For Josh... who asked.
Why Do B-Schools Still Teach The Famed 4P's Of Marketing, When Three Are Dead?
The headline brings much promise for the blog post I linked above, but the post shows the writers' lack of marketing and business knowledge. I certainly agree with the concept that the four P's are some what out-dated. Depending on how they are presented, they can be like a disco leisure suite, but I also believe they are still relevant in today's ever changing marketing world.
Promotion-in the mentioned blog post is equated with advertising-which is wrong. The P 'promotion' does incorporate advertising but it is so much more. All forms of communication with the consumer is under promotion- and that includes social media and all things Internet. Do we need to include things in promotion that perhaps we have excluded before? Yes! Do we need to talk about social media as more than a fad? Yes! Do we need to realize that promotion for many brands is now a collaborative process with consumers creating promotional content-even without contests? Yes! Do we need to teach more extensively about branding and having clear branding strategies across platforms? Yes! The promotional world is different from it was even ten years ago, and what B-schools teach has to change to match these shifts.
Place - according to this author is dead because more and more commerce is moving on-line. Let me go tell Kroger to start closing their doors, and I better hurry to see my last 3D iMax movie while drinking my venti mocha, non-fat, no whip add toffee nut frap from Starbucks. Seriously? All kidding aside, yes, online commerce is growing and continues to grow. Does this mean that brick and mortar stores are going away? Not in most cases, but what it does mean is the increase in complexity of place can be staggering. Just do a google search about Toys R Us's first online holiday experience, and you'll find out that logistics (part of place) is even more important in our current marketplace. It's what Amazon excels at! In my entertainment marketing class, I teach about "conduit" - the delivery of the product to the consumer, and with the increase of on-line commerce there is another channel to be measured and our product may have to take a different form. So, B-schools have got to adapt and help graduates understand how to connect their product or service with the consumer when, where and in what format the consumer wants (just think how many headaches the music industry could've saved if they had actually done this!).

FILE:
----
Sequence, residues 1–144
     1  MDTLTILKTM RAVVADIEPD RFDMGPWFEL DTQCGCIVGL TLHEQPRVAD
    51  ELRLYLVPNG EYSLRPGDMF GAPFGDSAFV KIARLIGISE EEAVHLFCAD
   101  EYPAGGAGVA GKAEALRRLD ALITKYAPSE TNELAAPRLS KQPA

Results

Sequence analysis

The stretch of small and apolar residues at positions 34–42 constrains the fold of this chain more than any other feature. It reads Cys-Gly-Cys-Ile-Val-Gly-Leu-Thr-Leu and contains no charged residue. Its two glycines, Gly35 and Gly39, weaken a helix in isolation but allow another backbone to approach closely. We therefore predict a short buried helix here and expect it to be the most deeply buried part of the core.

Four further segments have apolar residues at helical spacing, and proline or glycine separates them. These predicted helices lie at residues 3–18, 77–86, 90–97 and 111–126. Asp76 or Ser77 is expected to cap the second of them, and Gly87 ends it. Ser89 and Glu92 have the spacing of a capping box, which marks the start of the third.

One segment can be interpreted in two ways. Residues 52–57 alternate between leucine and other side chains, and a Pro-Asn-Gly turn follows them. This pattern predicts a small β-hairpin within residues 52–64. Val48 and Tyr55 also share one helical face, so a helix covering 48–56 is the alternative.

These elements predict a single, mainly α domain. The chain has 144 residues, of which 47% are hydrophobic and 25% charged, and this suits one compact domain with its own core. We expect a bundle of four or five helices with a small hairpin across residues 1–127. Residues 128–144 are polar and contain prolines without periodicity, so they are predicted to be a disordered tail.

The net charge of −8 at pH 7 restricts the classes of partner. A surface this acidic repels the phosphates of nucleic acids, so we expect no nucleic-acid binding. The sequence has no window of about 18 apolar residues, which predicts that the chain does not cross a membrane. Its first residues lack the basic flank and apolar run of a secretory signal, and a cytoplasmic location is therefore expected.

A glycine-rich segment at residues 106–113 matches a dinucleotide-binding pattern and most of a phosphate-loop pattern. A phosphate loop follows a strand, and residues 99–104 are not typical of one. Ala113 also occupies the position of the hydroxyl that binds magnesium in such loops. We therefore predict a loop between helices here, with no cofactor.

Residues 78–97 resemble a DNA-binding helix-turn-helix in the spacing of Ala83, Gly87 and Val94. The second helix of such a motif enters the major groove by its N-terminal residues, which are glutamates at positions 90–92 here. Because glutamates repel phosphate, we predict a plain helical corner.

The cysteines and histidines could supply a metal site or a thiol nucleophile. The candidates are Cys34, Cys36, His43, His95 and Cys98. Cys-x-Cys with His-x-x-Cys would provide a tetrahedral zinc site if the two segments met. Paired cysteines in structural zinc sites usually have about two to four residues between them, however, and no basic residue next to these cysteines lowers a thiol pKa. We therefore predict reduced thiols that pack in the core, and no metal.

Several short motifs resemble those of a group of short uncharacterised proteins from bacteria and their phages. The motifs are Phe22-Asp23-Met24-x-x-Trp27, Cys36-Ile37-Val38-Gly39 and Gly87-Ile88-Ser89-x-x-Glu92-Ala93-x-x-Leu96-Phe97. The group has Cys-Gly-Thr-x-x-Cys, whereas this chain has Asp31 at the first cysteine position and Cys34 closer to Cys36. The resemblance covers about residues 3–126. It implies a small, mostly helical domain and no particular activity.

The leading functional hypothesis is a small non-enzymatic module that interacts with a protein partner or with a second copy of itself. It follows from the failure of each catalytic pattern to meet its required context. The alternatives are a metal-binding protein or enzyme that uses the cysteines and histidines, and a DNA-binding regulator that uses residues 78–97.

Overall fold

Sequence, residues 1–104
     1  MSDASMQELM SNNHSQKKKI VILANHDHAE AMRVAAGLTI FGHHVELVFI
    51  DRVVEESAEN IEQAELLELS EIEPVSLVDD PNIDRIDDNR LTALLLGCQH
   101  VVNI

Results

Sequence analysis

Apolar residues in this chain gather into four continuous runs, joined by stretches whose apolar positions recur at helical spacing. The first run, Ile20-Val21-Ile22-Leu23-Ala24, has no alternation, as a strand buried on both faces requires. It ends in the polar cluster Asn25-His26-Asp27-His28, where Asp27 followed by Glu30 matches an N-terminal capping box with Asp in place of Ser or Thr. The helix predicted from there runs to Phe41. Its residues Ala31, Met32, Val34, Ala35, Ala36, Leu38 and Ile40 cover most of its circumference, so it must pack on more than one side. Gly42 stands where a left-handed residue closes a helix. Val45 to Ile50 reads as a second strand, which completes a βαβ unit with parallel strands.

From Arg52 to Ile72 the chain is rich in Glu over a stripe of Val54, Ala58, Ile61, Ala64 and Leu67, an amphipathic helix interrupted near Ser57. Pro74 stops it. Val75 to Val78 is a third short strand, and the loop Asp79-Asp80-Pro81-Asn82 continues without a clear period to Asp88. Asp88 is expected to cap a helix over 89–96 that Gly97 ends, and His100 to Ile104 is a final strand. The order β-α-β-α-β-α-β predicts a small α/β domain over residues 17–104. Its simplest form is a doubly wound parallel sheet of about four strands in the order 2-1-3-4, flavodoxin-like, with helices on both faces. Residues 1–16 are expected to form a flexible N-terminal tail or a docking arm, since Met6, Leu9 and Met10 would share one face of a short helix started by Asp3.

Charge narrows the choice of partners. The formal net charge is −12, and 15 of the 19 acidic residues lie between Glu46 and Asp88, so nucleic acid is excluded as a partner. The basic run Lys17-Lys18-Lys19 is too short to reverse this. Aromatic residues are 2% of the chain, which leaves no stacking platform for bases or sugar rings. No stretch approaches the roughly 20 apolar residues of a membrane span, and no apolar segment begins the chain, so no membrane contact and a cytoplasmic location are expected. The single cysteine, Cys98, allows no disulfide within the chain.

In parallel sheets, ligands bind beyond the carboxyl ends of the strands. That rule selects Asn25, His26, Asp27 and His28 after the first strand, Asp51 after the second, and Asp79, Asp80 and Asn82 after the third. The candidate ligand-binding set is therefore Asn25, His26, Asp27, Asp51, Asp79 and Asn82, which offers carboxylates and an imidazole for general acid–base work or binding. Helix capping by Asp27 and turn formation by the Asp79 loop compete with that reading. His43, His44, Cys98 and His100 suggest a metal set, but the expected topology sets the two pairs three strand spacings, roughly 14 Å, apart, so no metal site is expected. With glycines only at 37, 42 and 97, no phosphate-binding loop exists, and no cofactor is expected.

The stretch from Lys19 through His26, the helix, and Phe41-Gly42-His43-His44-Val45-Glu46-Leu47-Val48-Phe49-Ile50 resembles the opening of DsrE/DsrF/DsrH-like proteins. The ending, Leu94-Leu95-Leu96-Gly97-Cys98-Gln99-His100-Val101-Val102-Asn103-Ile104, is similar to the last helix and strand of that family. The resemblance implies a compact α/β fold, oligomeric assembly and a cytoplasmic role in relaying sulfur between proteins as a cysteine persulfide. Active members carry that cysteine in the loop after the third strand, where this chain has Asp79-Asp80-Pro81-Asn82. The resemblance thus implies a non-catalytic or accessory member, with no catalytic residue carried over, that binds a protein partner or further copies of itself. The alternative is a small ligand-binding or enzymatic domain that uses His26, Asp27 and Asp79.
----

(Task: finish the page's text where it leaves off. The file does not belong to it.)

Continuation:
What's next...Price! The author would have us believe that raw market forces will now take hold because of consumers having more access to information. Now, he does have something here - if you are positioning yourself in the market based on price, then yes- the Internet will force the market price on you, but what if you are positioning based on benefits? You aren't just focused on the raw market price you are adding value which can add dollars to that raw price. Otherwise, no diamond engagement rings would be bought at Tiffany's because they certainly don't let raw market prices determine their's. See the stuff about branding under promotion to understand why setting price is still important, plus there is that cool break-even formula we should all know.
This leaves us with the last P, Product. The article states, "The only way you can increase the value of your brand is by increasing the value of your offering." I totally agree but it is short-sighted to not realize that value comes in many forms- including those delivered by the other P's. I have a friend who uses an on-line co-op to get fresh vegetables. He pays more than he would at a grocery store, but he gets the added value of having them delivered to his door as well as being locally sourced when possible. That's "place" in action and the website that communicates what the co-op offers is part of promotion - as is the Groupon they issued (good old fashion sales promotion done with an on-line twist). I'll let you know what I think of the co-op - I bought the Groupon.
In the end, the four P's still are a good starting point but B-schools have to expand and adapt them to the current marketplace. I would argue for the inclusion of a fifth P, "participation," but maybe it's just the collaboration I talked about under promotion. What I do know is the time when a year-old text book is still up-to-date is gone.